Tyre pressure search

By Julia Freeman

Tyre pressure is high on the list of vehicle maintenance checks that should be carried out regularly. Under inflated tyres can lead to poor handling and have a detrimental effect on steering, as well as fuel economy. They are more likely to burst too, since they’ll heat up more quickly than a properly inflated tyre. Over inflation is also an issue. Putting too much air in a tyre decreases its contact with the road, which results in reduced grip and poor handling. This is especially pronounced in poor weather conditions. Over inflated tyres make for a horribly uncomfortable, bumpy ride too.

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Checking your tyre pressure

The Highway Code specifies that tyres must be maintained with the correct pressure and failure to do so is against the law. Years of experience tell us that it’s advisable to check your tyre pressures every two weeks. You can do this either at home with a pressure gauge or at most garages, where you’ll also find air available if you need to inflate them a little. Remember to check your tyres when they’re cold, as measuring pressure on a warm tyre will give a high reading. Checking pressure is a reasonably simple process but finding out exactly what pressures your tyres require can sometimes be slightly more complicated.

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What does PSI mean?

Average tyre pressure is 30 to 35 PSI, with the top end reserved for vehicles towing or carrying a heavy load. Most standard passenger tyres will fall between 30 and 32 PSI, but these figures are generalisations, so you will have to find the correct tyre pressures yourself. PSI simply means pounds per square inch and refers to how much air is in your tyres. It's the standardised way of measuring air pressure, although some handbooks also give pressures in the metric unit, bars.

How can I find out what my tyre pressure should be?

A number of websites offer the facility to do a tyre pressure search simply by entering your vehicle's number plate. This is convenient, but there is another, more reliable way. Every vehicle comes with the manufacturer’s recommended tyre pressures, and you’ll be able to find them in your vehicle handbook.
If you don’t have the handbook, most vehicles also display key information on a sticker on the inside of the driver’s door, including the pressures for the front and rear wheels. Failing that, a good garage will be able to tell you the recommended pressures and adjust your tyres accordingly. It’s worth noting that many of the pressure gauges in service stations can be inaccurate, so while they’re handy in a pinch, you shouldn’t rely on them in the long term.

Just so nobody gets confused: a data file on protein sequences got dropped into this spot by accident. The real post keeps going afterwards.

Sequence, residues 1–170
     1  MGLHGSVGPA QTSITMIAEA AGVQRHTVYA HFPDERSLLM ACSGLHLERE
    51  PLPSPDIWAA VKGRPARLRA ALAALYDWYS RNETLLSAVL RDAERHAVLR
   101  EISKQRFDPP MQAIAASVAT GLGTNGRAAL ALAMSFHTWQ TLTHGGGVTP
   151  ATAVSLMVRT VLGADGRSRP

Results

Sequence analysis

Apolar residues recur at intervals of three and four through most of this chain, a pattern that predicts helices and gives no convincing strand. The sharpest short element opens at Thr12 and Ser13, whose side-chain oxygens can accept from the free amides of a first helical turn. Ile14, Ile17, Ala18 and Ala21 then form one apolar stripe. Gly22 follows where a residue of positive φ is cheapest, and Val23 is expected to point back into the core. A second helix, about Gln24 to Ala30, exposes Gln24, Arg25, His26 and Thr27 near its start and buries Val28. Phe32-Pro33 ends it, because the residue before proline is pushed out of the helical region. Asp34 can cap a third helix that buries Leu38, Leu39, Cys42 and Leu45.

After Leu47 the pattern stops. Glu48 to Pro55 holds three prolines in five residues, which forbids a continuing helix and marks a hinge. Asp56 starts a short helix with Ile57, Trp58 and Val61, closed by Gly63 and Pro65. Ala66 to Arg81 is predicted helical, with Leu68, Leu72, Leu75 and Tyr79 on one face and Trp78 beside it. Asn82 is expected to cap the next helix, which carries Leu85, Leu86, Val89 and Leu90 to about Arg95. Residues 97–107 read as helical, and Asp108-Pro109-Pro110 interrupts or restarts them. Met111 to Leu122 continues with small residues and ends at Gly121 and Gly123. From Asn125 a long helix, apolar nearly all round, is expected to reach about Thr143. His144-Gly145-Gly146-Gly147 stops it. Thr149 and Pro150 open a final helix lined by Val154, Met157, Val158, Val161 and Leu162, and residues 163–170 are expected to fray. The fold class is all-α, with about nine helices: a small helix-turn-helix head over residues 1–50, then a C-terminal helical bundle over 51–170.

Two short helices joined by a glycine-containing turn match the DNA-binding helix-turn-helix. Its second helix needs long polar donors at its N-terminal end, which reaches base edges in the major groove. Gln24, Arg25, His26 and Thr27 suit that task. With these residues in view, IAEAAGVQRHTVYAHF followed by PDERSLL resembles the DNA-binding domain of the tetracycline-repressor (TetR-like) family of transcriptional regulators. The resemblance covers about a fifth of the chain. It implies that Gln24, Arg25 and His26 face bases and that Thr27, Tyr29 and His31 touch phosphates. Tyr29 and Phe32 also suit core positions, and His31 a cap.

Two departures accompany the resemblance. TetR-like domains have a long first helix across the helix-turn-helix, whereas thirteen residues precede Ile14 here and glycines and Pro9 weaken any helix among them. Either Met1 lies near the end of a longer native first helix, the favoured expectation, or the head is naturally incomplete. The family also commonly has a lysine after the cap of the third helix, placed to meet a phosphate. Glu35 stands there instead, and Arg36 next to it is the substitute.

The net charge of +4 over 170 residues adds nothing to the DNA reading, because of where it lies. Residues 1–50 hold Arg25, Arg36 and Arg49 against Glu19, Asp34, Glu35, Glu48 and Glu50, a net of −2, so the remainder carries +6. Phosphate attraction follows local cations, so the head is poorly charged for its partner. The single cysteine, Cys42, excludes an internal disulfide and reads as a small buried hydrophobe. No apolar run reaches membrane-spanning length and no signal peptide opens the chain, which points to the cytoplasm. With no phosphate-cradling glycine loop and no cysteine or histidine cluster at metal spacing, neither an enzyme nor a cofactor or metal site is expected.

Variations in tyre pressure

Manufacturers' figures are always accurate, but they don’t take into account unique circumstances. For example, a vehicle carrying an especially heavy load will benefit from higher PSI, particularly on the rear wheels. This is why it’s important to consult a professional if you’re planning to use your vehicle for an unfamiliar purpose. They will be able to give you good advice on the pressures you'll need if you plan to transport a load or drive on unusually treacherous road surfaces, perhaps in a different country.
Many vehicles are factory-fitted with an in-built tyre pressure monitoring system (TPMS), which alerts the driver when their tyres are inflated at the wrong pressure. Even if your vehicle doesn’t have this system fitted as standard, it is possible to have it installed. This is a job that requires a professional, of course. The system will help you maintain your tyre pressures with all the additional benefits of reduced fuel consumption, better handling and, of course, increased safety.

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Ensuring your tyres are roadworthy

Today’s tyres are built to last, especially if you choose quality brands such as Bridgestone, Falken or Pirelli. However, it is your responsibility to ensure they are roadworthy, and the correct pressure is one of the key elements. While we do advise checking them every two weeks, there are occasions when additional checks are necessary too. If you’re going on a long journey, going on holiday or planning to drive abroad, a pressure check beforehand is absolutely essential.

The local garage you can trust

Tyre pressure is something that you should always keep an eye on. If you’re experiencing problems with your tyres or feel that the tread depth is getting low, you can book a free tyre check online, or give us a call. We have a nationwide network of garages, and our tyre professionals are always happy to help. This is particularly important if you can’t find the correct tyre pressure for your vehicle, or the handling doesn’t seem right even after an adjustment. Whatever the issue, our tyre professionals can assist.

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About the author

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By Julia Freeman
Julia is Head of Retail Marketing for Protyre and loves engaging with customers and the business as a whole to make sure Protyre is more than just a local garage.
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